I’m in A LOT of Facebook writing groups. I suspect I’m not alone in this. It’s actually one of my favorite things about social media.
One of the perks of being in so many groups is I get to see what people are wondering about. And the thing that has been showing up the most, lately, are questions like:
I get it. And I’m guessing if you are reading this, you have wondered or asked the same things before as well. You might be wondering now.
And in the kindest way possible, I want to say to each of you (yes, this includes me), these things don’t matter.
Yes, there are suggested word lengths for certain kinds of books. And in the same breath that someone shares what they are, you will hear of an example of a wildly successful book that broke that guideline (even besides Harry Potter).
But chances are something is going on in your story that you can’t quite figure out, something about character development or plot or pacing or setting or any number of other things that are missing their mark, and so, in order to find something resembling direction, we start asking quantitative questions.
Friend? The answers to those questions aren’t going to fix the heart of the problem.
Feel free to play around with past and present. Write a scene in first and then in third. Maybe it will unlock something.
But, more likely, you will need to answer these questions:
Not what is their name or favorite color. I mean, when was the last time your character learned something new? Who does your character have to care for and who cares for your character? Do they know what love is? Have they experienced sorrow? Are they the kind of person always looking for a new adventure or does hanging out at home with tea and a book sound luxurious? There are all kinds of charts and forms and questionnaires to help people develop a character, and they likely help a lot of people. Use them, don’t use them. But please make sure you are leaning into the elements of character that elevate them from a stick figure to a person.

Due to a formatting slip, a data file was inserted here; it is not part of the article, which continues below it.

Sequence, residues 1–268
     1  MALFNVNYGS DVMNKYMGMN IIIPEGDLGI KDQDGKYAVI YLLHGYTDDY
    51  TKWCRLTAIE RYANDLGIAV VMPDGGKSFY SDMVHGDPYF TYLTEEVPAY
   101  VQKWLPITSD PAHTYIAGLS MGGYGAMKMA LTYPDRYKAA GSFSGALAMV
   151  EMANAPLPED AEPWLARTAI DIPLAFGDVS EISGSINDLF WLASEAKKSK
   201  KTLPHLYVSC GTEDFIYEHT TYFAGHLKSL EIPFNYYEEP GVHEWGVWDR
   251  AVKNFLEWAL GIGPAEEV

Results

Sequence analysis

Sure, it’s fun for a character to have a favorite drink. They might have an imaginary friend no one accepts as real. Maybe they are a grown-up adult with kids and jobs and significant others and they want a nap. But remember, the thing that they want isn’t actually the thing they want. The person who wants the drink might want to sit back, let go, enjoy themselves for a minute (and really, that could go for everything from coffee to water to scotch). Is the kid with the imaginary friend creative or lonely? And how about that nap?
Employed? Retired? At school? At home? In Italy? Remember, where can be both a physical place anda state of being. Maybe your character would like to be in a place where they are no longer triggered. Maybe they’d like to be on the most popular list. But of course, we know that where a character wants to be isn’t necessarily where they really want to be. Dive deep. Explore that.
Once you have some answers for those questions, answer these:
Got some side characters? Take some time to figure out their stories. An antagonist or two? Same thing (remember, often an antagonist is a protagonist to someone…).
Then create your outline or get writing. Let the characters tell their stories. Get that all out in the world. And then, when you really know what is going on in your story, explore what format might work best for you, for them, for the story. And if it doesn’t work? Try something else. You aren’t etching these lines on stone, and no one needs to know how long it took you to get to where the story is working. And they don’t need to know how many times it took you to get it right. o
Do you have any other questions you ask yourself when you are stuck on a story?
Tasha Seegmiller believes in the magic of love and hope, which she weaves into every story she creates. She is the president of the Women’s Fiction Writers Association and studying in the MFA in Writing Program at Pacific University, and teaches composition courses at Southern Utah University. Tasha married a guy she’s known since she was seven, is the mom of three teens, and co-owner of a cotton candy company. She is represented by Annelise Robey of Jane Rotrosen Agency.
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